On June 21, 2019, the Supreme Court of the United States (“SCOTUS”) decided the case of Rehaif v. United States. In this case, Rehaif entered the United States on a nonimmigrant student visa to attend college. However, three semesters later, he was dismissed for bad grades and his immigration status was terminated. Nevertheless, Rehaif remained in the United States and later attended a shooting range, where he shot two firearms.
Subsequently, Rehaif was charged under with violating two federal statutes. The first, 18 U. S. C. § 922(g), which makes it unlawful for certain people, including aliens illegally in the country, to possess firearms. The second, §924(a)(2), which provides that anyone who “knowingly violates” the first provision can go to jail for up to ten (10) years.
The main issue of this case was whether the “knowingly” provision of 18 U.S.C. § 924(a)(2) applies to both the possession and citizenship status elements of a § 922(g) crime, or whether it applies only to the possession element.
At trial, the district court instructed the jury as to the possession element only and the jury returned a guilty verdict. Rehaif then appealed his case to the Eleventh Circuit, which affirmed the district court’s holding. Then, SCOTUS heard the case, reversed the lower court’s decision, and remanded it back to the Eleventh Circuit.
Ultimately, SCOTUS held that the prosecution must prove, beyond a reasonable doubt, that: (1) an individual knew they possessed a firearm and (2) that the individual knew they were barred from possessing a firearm, given their status. Both are required.
What Impact Could the SCOTUS Decision in Rehaif Have on Me in Rhode Island?
SCOTUS decisions are binding on all Federal Courts and on State Courts regarding issues of the Constitution and Federal law. Federal laws—including the above-described 18 U. S. C. § 922(g) and § 924(a)(2)—apply uniformly throughout the United States, while State laws vary from State to State.
Rhode Island Laws Regarding Possession of Firearms
Rhode Island law prohibits the following people from possessing firearms under § 11-47-5:
- People convicted of a “crime of violence”;
- Rape, first- or second-degree sexual assault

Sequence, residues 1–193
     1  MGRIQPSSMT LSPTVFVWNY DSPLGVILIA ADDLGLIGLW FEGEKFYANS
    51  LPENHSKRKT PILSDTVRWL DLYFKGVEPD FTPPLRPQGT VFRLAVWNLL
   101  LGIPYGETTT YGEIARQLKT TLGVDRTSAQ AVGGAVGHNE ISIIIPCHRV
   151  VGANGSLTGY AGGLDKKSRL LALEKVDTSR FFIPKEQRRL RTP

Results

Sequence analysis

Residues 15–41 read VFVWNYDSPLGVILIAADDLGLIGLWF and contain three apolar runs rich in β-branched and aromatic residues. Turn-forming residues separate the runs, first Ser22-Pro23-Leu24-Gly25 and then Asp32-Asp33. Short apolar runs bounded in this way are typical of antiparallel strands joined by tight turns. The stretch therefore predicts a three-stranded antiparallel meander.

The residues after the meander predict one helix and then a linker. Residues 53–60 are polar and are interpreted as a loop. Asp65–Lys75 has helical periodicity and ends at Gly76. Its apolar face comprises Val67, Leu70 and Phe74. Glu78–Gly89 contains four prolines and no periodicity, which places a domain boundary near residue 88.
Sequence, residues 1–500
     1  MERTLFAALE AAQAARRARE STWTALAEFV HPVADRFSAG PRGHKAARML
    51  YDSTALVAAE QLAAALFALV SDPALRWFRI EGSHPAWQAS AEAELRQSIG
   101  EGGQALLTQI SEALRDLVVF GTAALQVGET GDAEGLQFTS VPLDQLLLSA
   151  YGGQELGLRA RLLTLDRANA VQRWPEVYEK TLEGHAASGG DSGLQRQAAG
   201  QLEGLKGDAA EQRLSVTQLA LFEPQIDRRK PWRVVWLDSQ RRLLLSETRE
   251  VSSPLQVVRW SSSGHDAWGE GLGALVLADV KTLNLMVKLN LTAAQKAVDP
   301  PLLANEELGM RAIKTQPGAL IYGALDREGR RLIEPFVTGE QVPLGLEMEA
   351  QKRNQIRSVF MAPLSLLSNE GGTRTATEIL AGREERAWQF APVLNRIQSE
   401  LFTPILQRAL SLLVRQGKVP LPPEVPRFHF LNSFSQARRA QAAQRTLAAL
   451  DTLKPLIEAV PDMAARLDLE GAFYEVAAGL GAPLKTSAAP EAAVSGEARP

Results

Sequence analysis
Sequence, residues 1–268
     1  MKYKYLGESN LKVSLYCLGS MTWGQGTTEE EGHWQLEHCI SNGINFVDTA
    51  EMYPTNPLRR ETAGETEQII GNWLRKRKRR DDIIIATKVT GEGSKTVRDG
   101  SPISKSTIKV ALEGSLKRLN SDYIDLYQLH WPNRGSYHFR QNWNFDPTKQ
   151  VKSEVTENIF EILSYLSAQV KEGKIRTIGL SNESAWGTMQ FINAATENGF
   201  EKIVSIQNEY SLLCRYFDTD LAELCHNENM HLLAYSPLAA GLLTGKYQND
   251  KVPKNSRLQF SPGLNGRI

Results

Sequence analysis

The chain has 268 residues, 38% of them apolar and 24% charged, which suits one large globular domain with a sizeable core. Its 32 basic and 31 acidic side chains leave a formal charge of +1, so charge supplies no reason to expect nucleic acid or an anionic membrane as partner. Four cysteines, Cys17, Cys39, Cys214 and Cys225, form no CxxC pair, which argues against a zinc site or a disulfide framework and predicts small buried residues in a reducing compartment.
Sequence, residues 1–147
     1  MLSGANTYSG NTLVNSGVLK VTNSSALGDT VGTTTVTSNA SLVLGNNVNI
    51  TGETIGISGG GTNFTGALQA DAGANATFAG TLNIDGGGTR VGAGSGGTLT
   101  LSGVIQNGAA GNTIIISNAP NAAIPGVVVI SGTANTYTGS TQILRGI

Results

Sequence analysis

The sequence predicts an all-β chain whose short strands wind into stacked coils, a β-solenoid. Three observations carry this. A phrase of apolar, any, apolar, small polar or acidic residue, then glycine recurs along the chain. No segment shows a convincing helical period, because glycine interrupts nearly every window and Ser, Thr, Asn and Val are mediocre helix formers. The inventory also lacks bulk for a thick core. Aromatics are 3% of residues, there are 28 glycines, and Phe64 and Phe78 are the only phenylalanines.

- First- or second-degree child molestation
- First- and second-degree arson
- Breaking and entering
- Certain felony drug convictions
- Assault with a dangerous weapon
- Assault or battery involving grave bodily injury
- Assault with intent to commit any offense punishable as a felony
- People deemed a “fugitive from justice”;
- People who entered a plea of nolo contendere to or have been convicted of a felony domestic violence offense and certain misdemeanor domestic violence offenses
What are the Penalties for Unlawful Possession of a Firearm in Rhode Island?
Under RI Gen Law § 11-47-5, those convicted of illegal possession of a firearm will face a felony charge, punishable by a minimum of two (2) years in prison, up to ten (10) years in prison.
Additionally, similar to the federal statute at play in Rehaif, RI Gen Law § 11-47-7, makes it unlawful for an “alien” to possess a firearm.
Have You or A Family Member Been Charged with A Firearm-Related Offense? Contact Us Today for Your FREE Consultation!
While the Second Amendment gives United States citizens the right to bear arms, many people may find themselves barred from doing so. With the variances and complexities of State and Federal firearm laws, do not fight firearm charges alone! Get the skilled Rhode Island criminal defense attorneys from Abilheira Law working for you today. Call us now (401) 245-5100, or fill out our online form!